Primers

by Gregg Rickman

What is this thing called screwball? Most commonly thought of as a cycle in Hollywood romantic comedies, running from the notable year of 1934 (The Thin Man, Twentieth Century and above all It Happened One Night) through to Preston Sturges' The Lady Eve (1941) and The Palm Beach Story (1942), screwball is still very much with us, as a beacon of the giddy achievement possible within popular entertainment.

Page 04/04/2007 - 1:43pm

by Sean Axmaker

By one reckoning, we can trace the birth of science fiction back to the pioneering days of film itself. Georges Melies's A Trip to the Moon is nothing if not a fantasy invigorated by a magician's delight in spectacle and camera tricks and a showman's sense of fancy, but this 19th century lark established the essentials of much of 20th century science fiction cinema: futuristic hardware, strange new worlds, weird monsters and dazzling special effects.

Page 04/04/2007 - 1:10pm

by Allen White

Japan after the Second World War was a country in flux. It had not only been utterly defeated by Allied forces, but it had a new constitution written and imposed upon it by foreigners as well. Every principle by which the Japanese had lived their lives was now subject to revision or disposal.

Page 04/03/2007 - 1:22pm

by Andrew James Horton

In almost every single country in the world, silent cinema is under-represented on DVD, reflecting a wider lack of critical interest. One of the few exceptions to this rule (along with the US) is the Soviet Union. It's a testament to the power and originality of early Russian cinema, which has managed to overcome prejudice against silent film and associations with a totalitarian regime, that it remains so cherished in the pantheon of world cinema classics.

Page 04/02/2007 - 12:58pm

by Cory Vielma

Rock movies have been around as long as rock and roll itself. (Note: Throughout this primer, I won't be making distinctions between rock, disco, pop, rap and so on. Not only is it simpler to use a single umbrella term, "rock movies," but "music movies" or "movies with music" or just about anything else just don't have the same ring.) From the very beginning, what musicians (or their savvy managers) have seen in rock movies is both a powerful means of cross-platform publicity and an alternative outlet for the artists' creativity. Besides, audiences love them.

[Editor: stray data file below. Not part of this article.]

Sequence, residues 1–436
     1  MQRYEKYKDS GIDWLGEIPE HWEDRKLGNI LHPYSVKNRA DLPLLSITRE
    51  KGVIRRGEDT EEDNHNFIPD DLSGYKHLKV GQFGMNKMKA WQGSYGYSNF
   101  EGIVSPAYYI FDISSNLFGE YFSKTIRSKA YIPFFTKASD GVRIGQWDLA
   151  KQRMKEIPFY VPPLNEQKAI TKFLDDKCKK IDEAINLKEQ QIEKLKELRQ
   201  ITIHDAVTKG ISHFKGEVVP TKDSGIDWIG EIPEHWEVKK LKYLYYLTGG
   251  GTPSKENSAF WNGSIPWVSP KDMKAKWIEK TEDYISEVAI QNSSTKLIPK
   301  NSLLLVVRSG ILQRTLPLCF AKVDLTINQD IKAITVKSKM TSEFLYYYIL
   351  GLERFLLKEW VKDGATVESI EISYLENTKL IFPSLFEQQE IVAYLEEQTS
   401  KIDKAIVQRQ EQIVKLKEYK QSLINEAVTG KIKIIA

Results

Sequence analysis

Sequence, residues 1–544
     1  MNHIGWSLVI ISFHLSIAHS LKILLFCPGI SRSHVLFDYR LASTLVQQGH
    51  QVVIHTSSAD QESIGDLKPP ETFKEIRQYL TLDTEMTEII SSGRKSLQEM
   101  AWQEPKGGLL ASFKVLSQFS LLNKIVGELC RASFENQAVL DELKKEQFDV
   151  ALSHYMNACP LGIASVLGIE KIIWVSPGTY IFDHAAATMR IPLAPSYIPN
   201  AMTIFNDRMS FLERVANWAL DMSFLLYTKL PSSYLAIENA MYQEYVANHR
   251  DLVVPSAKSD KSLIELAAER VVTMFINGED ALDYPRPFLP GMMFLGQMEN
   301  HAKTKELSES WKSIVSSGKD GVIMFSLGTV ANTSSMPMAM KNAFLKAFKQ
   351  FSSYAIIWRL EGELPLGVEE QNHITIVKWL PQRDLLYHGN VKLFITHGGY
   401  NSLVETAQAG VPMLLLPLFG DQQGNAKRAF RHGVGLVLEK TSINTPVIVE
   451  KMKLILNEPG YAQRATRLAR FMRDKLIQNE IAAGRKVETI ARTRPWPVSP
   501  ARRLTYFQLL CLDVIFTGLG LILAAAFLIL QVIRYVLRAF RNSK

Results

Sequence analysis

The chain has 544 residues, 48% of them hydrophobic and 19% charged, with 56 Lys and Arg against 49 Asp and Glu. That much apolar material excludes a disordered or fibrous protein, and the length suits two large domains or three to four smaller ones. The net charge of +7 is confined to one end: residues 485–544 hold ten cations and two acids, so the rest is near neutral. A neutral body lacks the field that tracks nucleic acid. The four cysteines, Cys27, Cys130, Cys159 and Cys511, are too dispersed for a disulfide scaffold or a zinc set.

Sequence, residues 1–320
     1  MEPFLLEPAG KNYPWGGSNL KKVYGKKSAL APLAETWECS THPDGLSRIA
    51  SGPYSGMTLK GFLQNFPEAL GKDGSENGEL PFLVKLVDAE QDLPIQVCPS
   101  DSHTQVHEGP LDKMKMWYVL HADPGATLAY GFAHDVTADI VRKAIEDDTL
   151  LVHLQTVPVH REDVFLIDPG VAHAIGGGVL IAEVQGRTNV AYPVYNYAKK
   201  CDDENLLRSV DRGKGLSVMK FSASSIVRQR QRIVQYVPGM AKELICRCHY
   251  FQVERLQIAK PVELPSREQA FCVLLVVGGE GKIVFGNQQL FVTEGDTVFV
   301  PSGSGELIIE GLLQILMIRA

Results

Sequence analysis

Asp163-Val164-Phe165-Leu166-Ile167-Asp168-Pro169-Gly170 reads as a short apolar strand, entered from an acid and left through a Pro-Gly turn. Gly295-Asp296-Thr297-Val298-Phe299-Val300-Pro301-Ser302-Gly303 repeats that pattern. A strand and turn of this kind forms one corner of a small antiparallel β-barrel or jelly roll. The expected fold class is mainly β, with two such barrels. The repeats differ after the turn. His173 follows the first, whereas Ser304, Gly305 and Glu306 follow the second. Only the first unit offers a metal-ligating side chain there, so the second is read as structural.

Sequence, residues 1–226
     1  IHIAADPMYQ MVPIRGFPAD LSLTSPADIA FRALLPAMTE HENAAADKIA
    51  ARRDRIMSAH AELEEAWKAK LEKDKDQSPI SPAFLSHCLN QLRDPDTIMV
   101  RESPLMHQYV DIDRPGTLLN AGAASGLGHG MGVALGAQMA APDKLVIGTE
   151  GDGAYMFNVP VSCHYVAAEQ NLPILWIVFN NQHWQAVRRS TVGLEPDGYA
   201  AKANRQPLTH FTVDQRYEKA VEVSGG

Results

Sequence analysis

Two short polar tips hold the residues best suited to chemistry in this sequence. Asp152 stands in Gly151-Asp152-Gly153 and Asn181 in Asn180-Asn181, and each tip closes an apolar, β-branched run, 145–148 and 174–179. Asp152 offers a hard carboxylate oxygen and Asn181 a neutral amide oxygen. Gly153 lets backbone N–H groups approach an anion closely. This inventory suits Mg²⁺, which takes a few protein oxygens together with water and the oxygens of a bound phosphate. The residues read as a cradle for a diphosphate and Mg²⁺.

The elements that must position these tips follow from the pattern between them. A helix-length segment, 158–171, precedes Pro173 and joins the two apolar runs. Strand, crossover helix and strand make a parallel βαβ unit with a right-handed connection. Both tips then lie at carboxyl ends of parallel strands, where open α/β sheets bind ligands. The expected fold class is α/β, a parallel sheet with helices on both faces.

Page 03/30/2007 - 4:26pm

By Heather Johnson

Perennially fascinated with the feel of the wind in one's hair, a new life in a new locale, and the freedom and mysteries along the unknown terrain, the road movie is a quintessentially American art form. While not a genre of its own per se, the road movie can encompass elements of other genres, including everything from horror, thriller and film noir, to comedy, cult and crime, among others. To further complicate matters, we can trace the road movie concept back to an era dating back long before there were cars.

Page 03/30/2007 - 3:36pm

by Gary Morris

The history of queer cinema stretches almost as far back as movies themselves, though, as with all queer history, interpretations in this realm are always debatable.

Page 03/30/2007 - 2:52pm

By Mick LaSalle

The "pre-Code era" refers to a roughly five-year period in film history, beginning with the widespread adoption of sound in 1929 and ending on July 1, 1934, with the inauguration of the Production Code Administration and a policy of rigid censorship. Before July 1, 1934, restrictions on movie content varied widely, depending on local laws, mores and public taste. As a result, "pre-Code films" tend to be racier, sexier, more adult, more cynical, more socially critical, more honest and more politically strident than the films produced by Hollywood on up through the early 1960s.

Page 03/30/2007 - 1:33pm
By Steve Goldstein

You can read The New York Times and Washington Post every day and devour every report by Seymour Hersh, but that doesn't mean you feel like you really know what's going on in the world of politics. And forget about TV journalism. Sometimes the only way to fill in some of the blanks and get answers, or at least "what ifs," is to watch a good political thriller.

Page 03/30/2007 - 12:04pm

by Andrew James Horton

Few countries have a history quite as tortured as Poland's. Once a huge and mighty multicultural state, Poland has seen its borders jump about, in the process losing some of its most treasured cities and, for a couple of hundred years, the country disappeared from the map altogether. This tragic history culminated in the Second World War in which six million Poles died, half of them Jewish, while huge numbers of Jews were transported from other European countries to Polish territory to face the Third Reich's Final Solution.

Page 03/30/2007 - 11:50am

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